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Edmond O’Brian and National TV Dinner Day

The second week in September, and the weather should be cooling off in the Great Lakes by now. Could even spend a few days with the windows open just to get some air in the building, as long as the neighbors keep it down.

10 September, a momentous day in China (before they knew it was even September) in 210 BC, when Qin Shi Huang died; this was the founder of the Qin dynasty and first emperor of a unified state that could be called China. It was he who brought the warring states under central control and secured most of modern China.  On this day in 1897 in London was the first drunk driving arrest–gotta wonder what that field sobriety test looked like. George Smith, a 25-year-old London cab driver, was arrested after ramming a building; he pled guilty and paid a 25 shilling fine.  Finally, on 10 September 1977, the guillotine was last used in public. Hamida Djandoubi was a Tunisian-born farm laborer who kidnapped and murdered his former girlfriend in 1972. He was convicted and sentenced to death, the last time the guillotine was used in public, and the last capital sentence to be carried out in the European Union. Today is also National Swap Ideas Day, dreamed up by Robert L. Birch (no, really). But today we talk about the hardest working man in Hollywood, and convenience under tin foil.

His first film contract with RKO brought him in contact with Eve Arden and Deanna Durbin at Universal, but his first really big part was with James Cagney in White Heat (1949).

Eamon Joseph O’Brien was born on 10 September 1915 in Brooklyn, New York, the last of seven children. He did street magic as a child and learned the acting trade early in his life, at the feet of Harry Houdini and Sanford Meisner. His fellow students included Lillian Gish and Burgess Meridith in summer stock and Shakespeare road shows.  His first film contract with RKO brought him in contact with Eve Arden and Deanna Durbin at Universal, but his first really big part was with James Cagney in White Heat (1949).

220px-EdmondOBrien. Wiki Commons
Edmund O’Brien as Frank Bigelow in “DOA” (1950)

But his best-known role was in DOA (1950), where O’Brien played a notary public who spent the last hours of his life investigating his own murder. That got him enough notoriety to land a role in The Barefoot Contessa (1954) as Oscar Muldoon, for which he won an Academy Award for Best Supporting Actor and a Golden Globe. He would be nominated for the same awards for his role as a boozing senator in Seven Days in May (1964), winning the Golden Globe and another Oscar nomination. He also won the Western Heritage Award for Best Theatrical Motion Picture for his role as yet-another lush in The Man Who Shot Liberty Valence (1962). As many awards as O’Brien won, however, did not compensate for his health challenges: his weight swung drastically, and he suffered from arthritis in his hips.

As an independent actor, O’Brien showed a business acumen and creative talent all his own, earning him the moniker “the hardest working man in Hollywood.”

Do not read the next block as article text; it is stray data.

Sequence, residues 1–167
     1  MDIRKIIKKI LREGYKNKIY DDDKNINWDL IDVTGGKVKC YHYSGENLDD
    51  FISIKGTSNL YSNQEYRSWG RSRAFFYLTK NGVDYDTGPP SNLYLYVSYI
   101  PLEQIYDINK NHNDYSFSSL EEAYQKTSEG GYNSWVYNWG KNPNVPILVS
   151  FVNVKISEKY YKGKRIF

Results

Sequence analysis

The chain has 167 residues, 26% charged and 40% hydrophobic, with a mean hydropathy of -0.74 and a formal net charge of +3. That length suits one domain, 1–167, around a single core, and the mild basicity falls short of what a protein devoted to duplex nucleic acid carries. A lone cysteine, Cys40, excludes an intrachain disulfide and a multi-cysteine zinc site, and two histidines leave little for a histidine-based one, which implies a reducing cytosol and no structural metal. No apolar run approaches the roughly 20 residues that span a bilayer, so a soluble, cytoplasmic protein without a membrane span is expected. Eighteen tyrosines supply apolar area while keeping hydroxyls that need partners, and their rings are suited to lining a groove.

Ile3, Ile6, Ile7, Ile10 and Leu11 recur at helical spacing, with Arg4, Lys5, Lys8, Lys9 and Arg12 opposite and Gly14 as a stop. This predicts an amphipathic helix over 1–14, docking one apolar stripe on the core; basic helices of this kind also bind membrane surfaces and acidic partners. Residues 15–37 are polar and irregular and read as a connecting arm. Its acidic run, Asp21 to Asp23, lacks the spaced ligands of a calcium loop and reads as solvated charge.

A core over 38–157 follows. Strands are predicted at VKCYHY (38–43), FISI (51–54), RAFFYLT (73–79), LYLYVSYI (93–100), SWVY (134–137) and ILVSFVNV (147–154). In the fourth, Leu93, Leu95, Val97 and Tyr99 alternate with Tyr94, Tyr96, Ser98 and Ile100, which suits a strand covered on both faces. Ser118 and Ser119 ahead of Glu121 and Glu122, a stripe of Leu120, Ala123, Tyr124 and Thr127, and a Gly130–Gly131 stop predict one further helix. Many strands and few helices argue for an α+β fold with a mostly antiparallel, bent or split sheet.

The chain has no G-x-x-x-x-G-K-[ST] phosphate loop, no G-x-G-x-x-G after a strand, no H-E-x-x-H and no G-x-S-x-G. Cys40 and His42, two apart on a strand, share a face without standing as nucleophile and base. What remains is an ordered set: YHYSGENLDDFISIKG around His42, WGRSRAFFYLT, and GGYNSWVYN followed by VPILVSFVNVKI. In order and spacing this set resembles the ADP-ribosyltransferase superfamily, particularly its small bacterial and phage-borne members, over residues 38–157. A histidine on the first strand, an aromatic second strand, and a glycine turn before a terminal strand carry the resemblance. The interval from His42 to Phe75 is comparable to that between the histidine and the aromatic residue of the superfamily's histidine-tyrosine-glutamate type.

O’Brien also landed leading roles, notably in Sheild for Murder (1954), 1984 and A Cry in the Night (1956).  But he’s undoubtedly best known for his characters, which he always thought were more natural to play than lead because an actor “could always fill in white space with a wisecrack.” His cinematic work was matched by his television roles, making him one of the few actors who could and did play both mediums with relative ease. O’Brien was best known on TV for Johnny Midnight (syndication, 1960) and Sam Benedict (NBC, 1962-63), and for literally hundreds of character roles on scores of programs. As an independent actor without permanent contracts in an age when contracts were the only route to steady work, O’Brien showed a business acumen and creative talent all his own, earning him the moniker “the hardest working man in Hollywood.”

Legend has it that O’Brien was to have been awarded an Honorary Academy Award in 1986, but he passed before a vote was held.

O’Brien’s last roles on the big screen or small were in 1974 when he was 59. But his weight and his hips were getting the better of him, his memory seemed to be failing and so was his heart. So was his bank account. For all the work he did, his finances were never sterling, he was divorced twice, and the father of three children, all of whom ended up in television. Edmund O’Brien died in Inglewood, California of Alzheimer’s Disease on 9 May 1985. Legend has it that O’Brien was to have been awarded an Honorary Academy Award in 1986, but he passed before a vote was held.


Now, today is National TV Dinner day because on 10 September 1953 the first TV dinners (turkey with all the trimmings) were made commercially available in the US by Swanson. The food was pre-cooked and came in aluminum trays, and the meals were meant to be heated in the oven at home. They were intended for convenience like so many things in the ’50s were, and just having a TV was a status symbol: the scene above was promotional for the televisions, not the non-packaged meals.

TV dinners have gone through many transitions since their origins. Swanson wasn’t the first and was hardly the last, but Swanson was the first to make it a commercial success. In my youth, TV dinners were common about once a week when Dad was out-of-town on business. They were generally OK but tended towards the bland, and in the ’60s there wasn’t a great deal of variety: chicken, roast beef, turkey, repeat. When the brownies started in the mid-60s, this was something, and there were hot dogs with buns and beans and franks. Then, as ever, life changed, and I didn’t see another TV dinner until I saw the Army’s version–the T-Rations–only once, sometime around 1975. They were about the same except on a cardboard tray and slightly larger.

In my bachelor days I tried some TV dinners again, but either I had outgrown them, or the industry had just stopped trying, as I found them bordering on the disgusting–even my cooking was better. I don’t think I’ve had a TV dinner since the early ’80s.

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The M1 Garand, the JCS, Luzon and National Clean Off Your Desk Day